Solution Helps AEGON Transfer Files Globally
Insurance Networking News, March 1, 2008
Considering the heightened state of security that exists in the post-9/11 world, few people would relish the prospect of getting unusual-looking electronic equipment to pass through customs unimpeded on a regular basis. Gary Bales, a senior programmer and analyst for the investment group of The Hague, Netherlands-based life insurer AEGON, certainly doesn’t.
However, to keep file transfers running smoothly on AEGON’s globally dispersed network, Bales would often need to do just that, and send people, and testing equipment that bears little resemblance to an ordinary server or PC, to every point on the map. “We have a huge number of servers, all across North America, Europe and Asia,” says Bales, who works out of AEGON’s Cedar Rapids, Iowa, office.
Yet, the hassle of getting his gizmos through customs was not the primary problem facing Bales. AEGON also was having significant issues with the speed of its file transfers, which was impacting the service level agreements (SLAs) company has in place. The cost to troubleshoot and correct the issues was also a consideration. Thus, Bales was tasked with figuring out a remote, cost effective way to distribute data, test far-flung networks and meet the SLAs.
“The question became, ‘How do you do a test without putting a person on a plane to the U.K. and setting up a test with a stopwatch?’” he says. “That’s costing $15,000 just to make sure you can meet your SLAs. It just wasn’t feasible.”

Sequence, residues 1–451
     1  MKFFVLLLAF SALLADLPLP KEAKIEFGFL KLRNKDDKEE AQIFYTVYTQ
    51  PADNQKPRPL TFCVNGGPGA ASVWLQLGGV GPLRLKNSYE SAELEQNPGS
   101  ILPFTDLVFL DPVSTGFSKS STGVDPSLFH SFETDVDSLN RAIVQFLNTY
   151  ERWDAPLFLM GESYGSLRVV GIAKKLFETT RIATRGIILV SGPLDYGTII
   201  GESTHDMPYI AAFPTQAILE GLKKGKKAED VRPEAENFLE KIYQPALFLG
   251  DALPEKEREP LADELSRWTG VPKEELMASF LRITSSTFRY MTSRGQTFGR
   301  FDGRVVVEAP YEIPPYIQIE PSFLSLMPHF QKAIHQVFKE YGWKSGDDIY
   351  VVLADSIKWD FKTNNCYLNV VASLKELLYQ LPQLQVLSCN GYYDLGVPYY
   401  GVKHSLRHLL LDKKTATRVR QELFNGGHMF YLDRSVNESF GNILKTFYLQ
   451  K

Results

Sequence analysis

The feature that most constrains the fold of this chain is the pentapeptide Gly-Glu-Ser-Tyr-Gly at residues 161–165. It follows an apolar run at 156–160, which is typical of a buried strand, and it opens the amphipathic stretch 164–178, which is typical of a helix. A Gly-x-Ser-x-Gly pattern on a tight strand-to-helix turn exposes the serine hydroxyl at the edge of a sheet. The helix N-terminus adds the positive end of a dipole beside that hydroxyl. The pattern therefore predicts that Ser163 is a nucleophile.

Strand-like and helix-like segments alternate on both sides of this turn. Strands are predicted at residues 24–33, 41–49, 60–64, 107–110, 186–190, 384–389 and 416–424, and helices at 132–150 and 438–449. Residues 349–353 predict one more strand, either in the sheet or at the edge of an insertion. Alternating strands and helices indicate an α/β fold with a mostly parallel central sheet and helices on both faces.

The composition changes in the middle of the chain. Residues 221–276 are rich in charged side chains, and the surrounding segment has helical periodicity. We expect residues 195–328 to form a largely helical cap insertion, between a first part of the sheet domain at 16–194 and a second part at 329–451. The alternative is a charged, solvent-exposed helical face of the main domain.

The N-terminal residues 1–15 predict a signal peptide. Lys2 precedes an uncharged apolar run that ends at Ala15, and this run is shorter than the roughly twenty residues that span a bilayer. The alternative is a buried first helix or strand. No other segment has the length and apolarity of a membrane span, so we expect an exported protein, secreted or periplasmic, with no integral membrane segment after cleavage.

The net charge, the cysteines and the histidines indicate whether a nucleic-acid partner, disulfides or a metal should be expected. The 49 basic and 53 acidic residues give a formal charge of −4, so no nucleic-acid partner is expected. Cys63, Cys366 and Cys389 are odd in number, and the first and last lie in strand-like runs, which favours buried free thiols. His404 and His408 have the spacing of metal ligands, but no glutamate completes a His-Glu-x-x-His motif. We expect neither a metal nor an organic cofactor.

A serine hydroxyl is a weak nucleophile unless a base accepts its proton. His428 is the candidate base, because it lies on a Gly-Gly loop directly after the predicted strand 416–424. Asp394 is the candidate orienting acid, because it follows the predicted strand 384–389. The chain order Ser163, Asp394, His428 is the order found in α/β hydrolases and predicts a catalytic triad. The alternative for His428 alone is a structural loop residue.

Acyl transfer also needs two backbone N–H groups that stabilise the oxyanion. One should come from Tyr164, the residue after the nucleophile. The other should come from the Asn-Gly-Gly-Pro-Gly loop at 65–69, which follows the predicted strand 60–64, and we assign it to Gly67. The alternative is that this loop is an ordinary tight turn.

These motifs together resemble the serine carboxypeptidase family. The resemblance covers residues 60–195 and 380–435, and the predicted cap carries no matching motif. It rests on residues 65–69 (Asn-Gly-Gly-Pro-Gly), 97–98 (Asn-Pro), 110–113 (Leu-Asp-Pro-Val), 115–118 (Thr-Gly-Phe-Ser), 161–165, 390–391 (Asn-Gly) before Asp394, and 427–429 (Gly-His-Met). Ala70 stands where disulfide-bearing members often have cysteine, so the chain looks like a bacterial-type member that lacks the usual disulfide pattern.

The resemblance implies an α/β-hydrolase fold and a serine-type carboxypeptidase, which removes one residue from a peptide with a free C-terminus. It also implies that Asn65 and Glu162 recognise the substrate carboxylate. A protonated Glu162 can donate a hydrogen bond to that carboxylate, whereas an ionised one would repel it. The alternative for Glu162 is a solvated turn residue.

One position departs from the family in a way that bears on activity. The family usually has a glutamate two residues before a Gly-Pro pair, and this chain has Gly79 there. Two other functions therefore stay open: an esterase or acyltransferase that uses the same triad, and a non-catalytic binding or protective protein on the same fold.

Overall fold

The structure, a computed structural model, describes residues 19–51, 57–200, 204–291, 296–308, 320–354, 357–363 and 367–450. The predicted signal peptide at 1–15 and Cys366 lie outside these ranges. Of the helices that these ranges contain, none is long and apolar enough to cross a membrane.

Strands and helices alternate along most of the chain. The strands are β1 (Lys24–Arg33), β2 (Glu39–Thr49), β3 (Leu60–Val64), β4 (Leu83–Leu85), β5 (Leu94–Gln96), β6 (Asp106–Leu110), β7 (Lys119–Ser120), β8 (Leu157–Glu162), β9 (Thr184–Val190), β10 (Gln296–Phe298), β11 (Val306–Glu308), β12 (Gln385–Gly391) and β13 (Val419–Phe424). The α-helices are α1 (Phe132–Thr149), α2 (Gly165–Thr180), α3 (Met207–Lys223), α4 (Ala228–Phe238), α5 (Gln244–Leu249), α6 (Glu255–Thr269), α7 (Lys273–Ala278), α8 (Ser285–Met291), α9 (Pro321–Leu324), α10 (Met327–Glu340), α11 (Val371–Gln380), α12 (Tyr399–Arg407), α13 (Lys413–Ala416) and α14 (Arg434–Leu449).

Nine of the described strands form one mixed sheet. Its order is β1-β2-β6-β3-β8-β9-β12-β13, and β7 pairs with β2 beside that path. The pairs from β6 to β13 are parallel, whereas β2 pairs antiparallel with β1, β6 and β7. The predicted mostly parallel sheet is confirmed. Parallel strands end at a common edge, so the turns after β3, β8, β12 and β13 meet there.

CHOOSING A SOLUTION
Bales began to investigate different ways to address the problem. He looked into purchasing four dedicated file servers to place in locations across Europe, which, at the time, cost $15,000 each. He also considered appliance-based solutions to help speed transfers. “The problem I ran into with appliance-based systems, was that they were clunky,” he says.
Eventually, Bales says he came across a reference to Bethesda, Md.-based OPNET Technologies Inc. in a trade magazine. OPNET’s ACE is a software-based solution designed to enable network administrators to capture packets off a network, which allows them to troubleshoot for any application performance problems. “I read about them and decided to throw them into the mix as well,” Bales recalls.
As with any large corporate environment, AEGON has both an integration process and an architectural review process.
Bales admits he was anxious to put ACE through some demos. “I was coming up on my own deadline,” he says. “We ran the tests as fast we could, once we got ACE in house.”
Bales says that ACE gave him quick, accurate numbers about the speed of the networks, which gave him the confidence to forego the hardware-based solution. “This allowed us to say we can meet the SLAs based on the application choices that I’ve made, and not have to purchase these wide-area file servers,” he says, adding that the time between AEGON getting the product in house and their decision to buy it was only two weeks.
“In our virtual software environment, AEGON planned a rollout of a new application,” recalls Eric Nudelman senior VP applications, engineering and training, OPNET.
“What they were going to do would be very costly, and would not have solved their problems. So they changed their course of rollout.”
Thus, by mitigating the need to buy the dedicated file servers, Bales feels ACE paid for itself in its first project.
Often, IT departments tend to view a paucity of resources as the cause of all their problems. Nudelman says that, unlike AEGON, some of the companies OPNET works with have already upgraded their hardware or upgraded their bandwidth only to see their file transfer and application problems persist.
“Many times you can tweak things within the application itself, and you can solve your problem and not have to do an expensive rollout,” he says. “AEGON was going to add four servers in various European locations to get things to run fast. We we’re able to prove that the hardware upgrades were not necessary and wouldn’t have met the service levels that they wanted to meet. Sometimes brute force doesn’t work.”
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